SW Legal Educational Publishing

On-Line Server Not Publisher of Defamatory E-Mail Delivered Via Server
Description Appeals court granted summary judgment to Prodigy, which was sued by a person who was falsely accused of sending a crank e-mail. Court held that since Prodigy does not control the content of e-mails, it is not liable for defamatory materials that may be sent without its knowledge.
Topic Cyberlaw
Key Words E-mail Defamation, Emotional Distress, Liability
C A S E   S U M M A R Y
Facts Lunney was initially accused of sending a crank e-mail, signed by Lunney, to a person he knew. Prodigy apologized when it was shown that someone fraudulently opened a Prodigy account in Lunney's name. Lunney sued Prodigy, the e-mail server company, for defamation and emotional distress, for allowing the e-mail that falsely identified Lunney as the sender, to be delivered to the receiver. The trial court refused Prodigy's request for summary judgment; Prodigy appealed.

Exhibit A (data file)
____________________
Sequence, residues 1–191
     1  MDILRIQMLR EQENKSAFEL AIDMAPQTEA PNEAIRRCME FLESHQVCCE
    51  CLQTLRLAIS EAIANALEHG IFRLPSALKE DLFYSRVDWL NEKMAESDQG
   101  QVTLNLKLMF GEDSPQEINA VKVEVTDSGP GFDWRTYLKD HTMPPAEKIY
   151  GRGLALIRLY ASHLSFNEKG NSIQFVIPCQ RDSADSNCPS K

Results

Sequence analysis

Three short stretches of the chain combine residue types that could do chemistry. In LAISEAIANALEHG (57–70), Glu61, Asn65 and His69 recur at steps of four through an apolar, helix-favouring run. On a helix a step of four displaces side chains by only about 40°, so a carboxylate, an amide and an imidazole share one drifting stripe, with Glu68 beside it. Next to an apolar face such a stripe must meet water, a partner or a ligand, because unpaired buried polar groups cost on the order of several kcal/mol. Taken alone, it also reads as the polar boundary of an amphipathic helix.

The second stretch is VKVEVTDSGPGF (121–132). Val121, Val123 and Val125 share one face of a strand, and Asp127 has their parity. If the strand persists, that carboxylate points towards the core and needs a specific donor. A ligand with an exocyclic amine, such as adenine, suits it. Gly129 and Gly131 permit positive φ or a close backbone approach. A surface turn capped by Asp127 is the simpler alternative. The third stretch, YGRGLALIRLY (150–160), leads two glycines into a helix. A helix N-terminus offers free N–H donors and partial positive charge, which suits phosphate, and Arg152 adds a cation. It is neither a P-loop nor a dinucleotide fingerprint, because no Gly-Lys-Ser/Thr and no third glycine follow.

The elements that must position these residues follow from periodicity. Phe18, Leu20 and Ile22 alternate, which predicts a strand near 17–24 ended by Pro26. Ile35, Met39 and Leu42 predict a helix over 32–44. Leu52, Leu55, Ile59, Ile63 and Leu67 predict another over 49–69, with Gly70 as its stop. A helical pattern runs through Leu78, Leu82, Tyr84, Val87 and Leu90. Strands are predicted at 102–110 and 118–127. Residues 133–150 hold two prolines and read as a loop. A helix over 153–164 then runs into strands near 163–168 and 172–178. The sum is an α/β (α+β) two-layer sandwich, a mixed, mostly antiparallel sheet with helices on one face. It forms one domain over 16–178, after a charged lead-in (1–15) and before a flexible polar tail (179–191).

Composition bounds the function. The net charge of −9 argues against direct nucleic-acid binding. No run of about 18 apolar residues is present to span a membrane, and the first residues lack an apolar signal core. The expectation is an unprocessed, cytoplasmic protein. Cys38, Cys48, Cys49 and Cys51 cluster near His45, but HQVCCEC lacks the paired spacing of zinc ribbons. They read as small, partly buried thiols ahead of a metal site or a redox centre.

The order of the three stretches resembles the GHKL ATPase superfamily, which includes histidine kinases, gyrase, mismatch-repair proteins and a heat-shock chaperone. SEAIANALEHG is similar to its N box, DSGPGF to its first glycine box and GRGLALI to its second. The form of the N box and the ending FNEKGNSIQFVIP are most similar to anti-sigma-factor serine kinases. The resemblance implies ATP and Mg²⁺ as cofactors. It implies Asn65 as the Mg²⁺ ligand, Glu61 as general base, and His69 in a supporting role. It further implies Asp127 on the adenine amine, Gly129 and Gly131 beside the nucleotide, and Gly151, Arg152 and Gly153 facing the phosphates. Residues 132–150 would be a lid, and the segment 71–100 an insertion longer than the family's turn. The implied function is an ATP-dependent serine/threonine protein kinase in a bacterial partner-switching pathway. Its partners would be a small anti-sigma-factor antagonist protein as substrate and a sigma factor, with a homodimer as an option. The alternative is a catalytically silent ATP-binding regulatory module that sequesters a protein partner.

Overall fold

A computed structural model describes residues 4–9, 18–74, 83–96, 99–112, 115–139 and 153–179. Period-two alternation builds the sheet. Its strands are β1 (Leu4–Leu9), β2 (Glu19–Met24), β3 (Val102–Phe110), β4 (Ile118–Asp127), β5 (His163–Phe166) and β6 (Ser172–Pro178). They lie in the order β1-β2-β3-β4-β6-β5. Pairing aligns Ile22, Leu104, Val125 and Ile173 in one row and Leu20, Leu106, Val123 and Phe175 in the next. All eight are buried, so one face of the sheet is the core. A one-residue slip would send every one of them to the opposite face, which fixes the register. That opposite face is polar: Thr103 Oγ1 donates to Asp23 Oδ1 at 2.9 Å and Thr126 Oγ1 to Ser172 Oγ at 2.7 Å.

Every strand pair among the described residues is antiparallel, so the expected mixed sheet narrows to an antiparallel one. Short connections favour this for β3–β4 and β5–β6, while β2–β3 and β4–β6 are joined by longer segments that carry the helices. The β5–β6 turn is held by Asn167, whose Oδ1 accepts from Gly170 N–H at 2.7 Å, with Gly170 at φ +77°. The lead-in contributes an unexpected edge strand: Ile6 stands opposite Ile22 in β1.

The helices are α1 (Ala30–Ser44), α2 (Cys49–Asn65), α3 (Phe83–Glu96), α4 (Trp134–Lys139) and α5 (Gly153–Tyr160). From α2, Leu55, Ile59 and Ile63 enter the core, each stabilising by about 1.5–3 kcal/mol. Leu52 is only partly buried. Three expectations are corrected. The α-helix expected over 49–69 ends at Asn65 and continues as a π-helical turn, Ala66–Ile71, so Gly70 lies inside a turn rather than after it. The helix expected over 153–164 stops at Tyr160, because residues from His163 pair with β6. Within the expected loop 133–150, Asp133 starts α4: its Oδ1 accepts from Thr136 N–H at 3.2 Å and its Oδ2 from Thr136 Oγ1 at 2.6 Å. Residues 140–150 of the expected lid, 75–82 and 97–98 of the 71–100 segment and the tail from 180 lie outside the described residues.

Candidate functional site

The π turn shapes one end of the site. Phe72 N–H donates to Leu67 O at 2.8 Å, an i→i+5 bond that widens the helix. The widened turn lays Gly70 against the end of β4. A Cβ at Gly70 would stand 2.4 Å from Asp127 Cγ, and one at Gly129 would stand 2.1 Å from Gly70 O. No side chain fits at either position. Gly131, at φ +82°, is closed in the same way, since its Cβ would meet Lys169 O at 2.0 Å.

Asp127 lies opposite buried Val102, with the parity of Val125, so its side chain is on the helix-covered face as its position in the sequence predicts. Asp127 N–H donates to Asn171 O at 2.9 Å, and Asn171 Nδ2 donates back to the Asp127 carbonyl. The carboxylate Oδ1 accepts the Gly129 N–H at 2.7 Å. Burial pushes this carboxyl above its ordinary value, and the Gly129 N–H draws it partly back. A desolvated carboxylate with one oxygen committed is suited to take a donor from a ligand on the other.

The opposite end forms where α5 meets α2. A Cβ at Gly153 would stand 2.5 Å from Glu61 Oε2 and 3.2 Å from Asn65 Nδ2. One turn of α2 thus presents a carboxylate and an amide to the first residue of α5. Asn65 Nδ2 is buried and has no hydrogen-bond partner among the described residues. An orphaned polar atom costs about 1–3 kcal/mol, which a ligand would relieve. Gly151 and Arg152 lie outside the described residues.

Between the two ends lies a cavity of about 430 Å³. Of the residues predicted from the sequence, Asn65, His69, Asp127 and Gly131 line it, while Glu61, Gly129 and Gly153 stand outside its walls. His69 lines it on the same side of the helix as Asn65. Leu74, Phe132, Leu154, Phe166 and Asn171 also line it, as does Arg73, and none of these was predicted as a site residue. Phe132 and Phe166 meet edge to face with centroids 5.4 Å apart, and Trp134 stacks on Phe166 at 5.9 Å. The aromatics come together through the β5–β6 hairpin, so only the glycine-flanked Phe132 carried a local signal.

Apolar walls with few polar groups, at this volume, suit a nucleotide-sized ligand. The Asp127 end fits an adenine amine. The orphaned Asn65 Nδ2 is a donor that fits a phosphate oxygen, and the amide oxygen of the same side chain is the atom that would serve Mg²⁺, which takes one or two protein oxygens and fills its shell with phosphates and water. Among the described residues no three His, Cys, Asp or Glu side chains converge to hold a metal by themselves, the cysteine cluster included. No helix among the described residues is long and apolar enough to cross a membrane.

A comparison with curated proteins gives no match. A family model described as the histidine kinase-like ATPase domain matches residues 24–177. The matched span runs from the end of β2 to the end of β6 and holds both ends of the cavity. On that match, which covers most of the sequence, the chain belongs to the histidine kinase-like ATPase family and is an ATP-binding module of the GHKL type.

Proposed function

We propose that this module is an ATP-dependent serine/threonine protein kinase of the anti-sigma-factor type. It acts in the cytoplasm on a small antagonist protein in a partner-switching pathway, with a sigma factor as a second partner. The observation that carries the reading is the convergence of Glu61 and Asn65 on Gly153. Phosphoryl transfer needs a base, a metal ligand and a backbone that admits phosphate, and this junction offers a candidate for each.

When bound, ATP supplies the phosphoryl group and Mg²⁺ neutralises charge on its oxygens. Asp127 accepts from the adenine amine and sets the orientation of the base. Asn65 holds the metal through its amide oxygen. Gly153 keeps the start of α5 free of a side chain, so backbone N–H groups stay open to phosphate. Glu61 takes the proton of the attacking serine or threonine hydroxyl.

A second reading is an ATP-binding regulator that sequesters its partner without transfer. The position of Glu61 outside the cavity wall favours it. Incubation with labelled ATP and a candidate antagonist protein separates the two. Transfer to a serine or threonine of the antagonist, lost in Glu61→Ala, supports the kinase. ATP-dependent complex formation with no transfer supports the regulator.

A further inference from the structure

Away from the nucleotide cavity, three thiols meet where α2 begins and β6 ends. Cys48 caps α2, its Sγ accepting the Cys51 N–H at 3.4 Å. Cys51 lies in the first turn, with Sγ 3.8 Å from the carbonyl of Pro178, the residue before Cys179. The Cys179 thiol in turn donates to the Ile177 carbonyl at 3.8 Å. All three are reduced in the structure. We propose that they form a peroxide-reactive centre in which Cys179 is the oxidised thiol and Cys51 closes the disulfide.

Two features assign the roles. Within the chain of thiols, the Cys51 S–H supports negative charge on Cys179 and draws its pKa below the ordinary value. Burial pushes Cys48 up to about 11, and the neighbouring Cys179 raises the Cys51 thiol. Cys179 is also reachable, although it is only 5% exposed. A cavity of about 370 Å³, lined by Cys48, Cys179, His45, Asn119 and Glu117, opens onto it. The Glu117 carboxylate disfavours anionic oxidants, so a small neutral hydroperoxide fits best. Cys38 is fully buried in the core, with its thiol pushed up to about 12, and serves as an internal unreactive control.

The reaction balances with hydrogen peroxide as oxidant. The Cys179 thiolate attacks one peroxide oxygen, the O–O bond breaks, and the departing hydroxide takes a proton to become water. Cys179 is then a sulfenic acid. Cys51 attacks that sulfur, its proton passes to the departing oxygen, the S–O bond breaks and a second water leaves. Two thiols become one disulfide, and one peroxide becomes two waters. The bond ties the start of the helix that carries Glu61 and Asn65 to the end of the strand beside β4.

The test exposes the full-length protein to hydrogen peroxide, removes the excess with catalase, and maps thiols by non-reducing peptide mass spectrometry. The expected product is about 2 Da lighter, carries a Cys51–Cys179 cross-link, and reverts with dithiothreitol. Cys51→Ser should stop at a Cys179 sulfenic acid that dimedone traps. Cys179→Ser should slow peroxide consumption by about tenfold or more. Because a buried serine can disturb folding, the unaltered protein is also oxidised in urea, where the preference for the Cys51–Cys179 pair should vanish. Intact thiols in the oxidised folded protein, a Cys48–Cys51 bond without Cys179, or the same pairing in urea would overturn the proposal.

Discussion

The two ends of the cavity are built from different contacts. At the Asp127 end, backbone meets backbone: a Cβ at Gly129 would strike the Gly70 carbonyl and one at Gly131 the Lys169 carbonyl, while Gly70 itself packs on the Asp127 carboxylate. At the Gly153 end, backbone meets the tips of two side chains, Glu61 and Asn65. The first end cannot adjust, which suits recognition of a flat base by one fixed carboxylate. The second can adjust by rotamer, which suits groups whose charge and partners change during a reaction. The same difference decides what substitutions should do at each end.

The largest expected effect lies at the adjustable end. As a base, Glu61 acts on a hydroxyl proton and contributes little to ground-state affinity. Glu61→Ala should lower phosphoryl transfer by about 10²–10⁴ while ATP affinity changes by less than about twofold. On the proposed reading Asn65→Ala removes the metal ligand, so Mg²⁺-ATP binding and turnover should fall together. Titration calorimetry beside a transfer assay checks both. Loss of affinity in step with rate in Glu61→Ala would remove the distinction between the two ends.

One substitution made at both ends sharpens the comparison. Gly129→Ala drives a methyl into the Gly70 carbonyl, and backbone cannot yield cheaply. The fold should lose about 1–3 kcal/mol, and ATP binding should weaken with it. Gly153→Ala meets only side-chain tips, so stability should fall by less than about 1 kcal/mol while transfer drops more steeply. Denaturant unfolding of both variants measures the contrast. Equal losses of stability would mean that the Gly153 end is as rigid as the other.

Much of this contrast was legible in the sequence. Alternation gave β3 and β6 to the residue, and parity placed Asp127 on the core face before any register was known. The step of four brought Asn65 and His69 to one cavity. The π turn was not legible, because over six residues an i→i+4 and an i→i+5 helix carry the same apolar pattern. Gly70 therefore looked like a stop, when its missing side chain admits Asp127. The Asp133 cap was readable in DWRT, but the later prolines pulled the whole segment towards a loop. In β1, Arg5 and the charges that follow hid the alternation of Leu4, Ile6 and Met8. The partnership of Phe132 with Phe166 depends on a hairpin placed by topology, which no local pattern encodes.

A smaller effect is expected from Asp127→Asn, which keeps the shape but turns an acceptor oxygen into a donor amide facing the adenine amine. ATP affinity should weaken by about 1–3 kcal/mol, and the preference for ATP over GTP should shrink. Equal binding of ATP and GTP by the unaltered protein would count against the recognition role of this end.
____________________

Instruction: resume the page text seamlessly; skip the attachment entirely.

Decision Summary judgment granted. Assuming that the e-mail "would indeed be defamatory, we conclude that Prodigy cannot be held legally responsible for it ... because (1) Prodigy did not publish the statement, and (2) even if Prodigy could be considered a publisher of the statement, a qualified privilege protects it from any liability given the absence of proof that Prodigy knew such a statement would be false." Just as the phone companies are not responsible for defamatory messages sent over phone lines, e-mail servers are not responsible for the content of messages they do not control. "The remaining theories upon which the plaintiff proposed to impose liability on Prodigy are patently meritless."
Citation Lunney v. Prodigy Services Co., --NYS2d-- (1998 WL 909836, Sup. Ct., App. Div.)
683 N.Y.S. 2d 557 (Sup. Ct. App. Div., N.Y. 1998)

Back to Cyberlaw Listings

©1997-2000  South-Western, a division of Cengage Learning, Inc. Cengage Learning is a trademark used herein under license.